Fig. 1 Schematic of the proposed mutually injection-locked COEO. EDF: erbium doped fiber; WDM: wavelength division multiplexing; O-BPF: optical bandpass filter; OC: optical coupler; PC: polarization controller; MZM: Mach-Zehnder modulator; DSF: dispersion-shifted fiber; ISO: isolator; PD: photo-detector; LNA: low noise amplifier; E-PD: electrical power divider; EC: electrical coupler; PS: phase shifter; E-BPF: electrical bandpass filter; ATT: attenuator.

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For the free-running RF oscillator, it shares the same positive feedback path and mode selection element with the coupled optoelectronic oscillator. The positive feedback path is closed with an extra attenuator and phase shifter inserted in the loop to optimize the closed-loop gain and tune the oscillation frequency respectively. A portion of the oscillating signal from the first RF coupler is injected into the modulator in the fiber ring laser, and fed back to the electrical loop again after circulating the high-Q optical ring loop. Both loops have sufficient gain for oscillation by itself. When the mode locking frequency of the master oscillator equals to the oscillation frequency of the slave oscillator, the mutual injection locking can be achieved between the two loops in the scheme via the shared feedback path. The actively mode-locked fiber laser has many oscillation modes with 1-MHz interval due to the 200-m optical ring loop. Meanwhile, there is only one oscillation mode for the free-running microwave oscillator, which is determined by the RF bandpass filter and phase shifter. The multiple oscillation modes from the COEO are injected into the microwave oscillator, and only the mode close to the oscillation frequency will injection-locks the electrical mode. Consequently, other modes will be drastically suppressed due to destructive interference in the loop, and the single-mode oscillation, which can survive in both loops, can be realized in the mutually injection-locked COEO.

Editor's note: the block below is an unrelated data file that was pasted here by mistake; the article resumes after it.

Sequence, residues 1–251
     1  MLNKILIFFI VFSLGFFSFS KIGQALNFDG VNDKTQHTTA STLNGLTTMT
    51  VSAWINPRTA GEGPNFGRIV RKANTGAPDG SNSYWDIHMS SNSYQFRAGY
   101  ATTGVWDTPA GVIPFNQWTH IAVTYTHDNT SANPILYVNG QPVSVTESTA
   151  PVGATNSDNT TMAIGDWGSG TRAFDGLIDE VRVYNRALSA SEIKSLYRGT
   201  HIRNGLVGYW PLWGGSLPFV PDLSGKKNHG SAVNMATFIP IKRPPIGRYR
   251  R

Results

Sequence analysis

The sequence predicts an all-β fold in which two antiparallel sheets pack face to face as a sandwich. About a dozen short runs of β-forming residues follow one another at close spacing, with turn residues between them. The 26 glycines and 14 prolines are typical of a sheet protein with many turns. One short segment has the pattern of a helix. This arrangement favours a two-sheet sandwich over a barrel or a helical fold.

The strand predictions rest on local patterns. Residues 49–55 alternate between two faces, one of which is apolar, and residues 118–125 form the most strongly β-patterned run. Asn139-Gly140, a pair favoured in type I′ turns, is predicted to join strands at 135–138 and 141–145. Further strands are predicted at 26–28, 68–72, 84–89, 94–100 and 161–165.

The schematic diagram in Fig. 1 illustrates an example of a typical free-running oscillator based on the shared electrical feedback loop. The microwave oscillator could be of any type, such as those based on Gunn diodes, impact avalanche transit-time diodes, backward-wave tubes, and so on. The Q attainable in the fiber laser resonant cavity is of the order of 106 at 10 GHz and will increase with the carrier frequency. The RF signal from the microwave oscillator would be fed to the MZM in the fiber laser resonator. After travelling in the EDFA-based fiber ring loop, the RF signal recovered by the photodetector would be fed to the microwave oscillator again. Assisted by the high-Q photonic ring cavity, the return of the delayed RF signal would enforce a steady phase in an otherwise noisy free-running oscillator, thereby suppressing the phase noise of the microwave oscillator. Meanwhile, the supermode noise induced by the EDF-based ring cavity can also be suppressed simultaneously, which is also expected as a consequence of the mutual injection locking effect.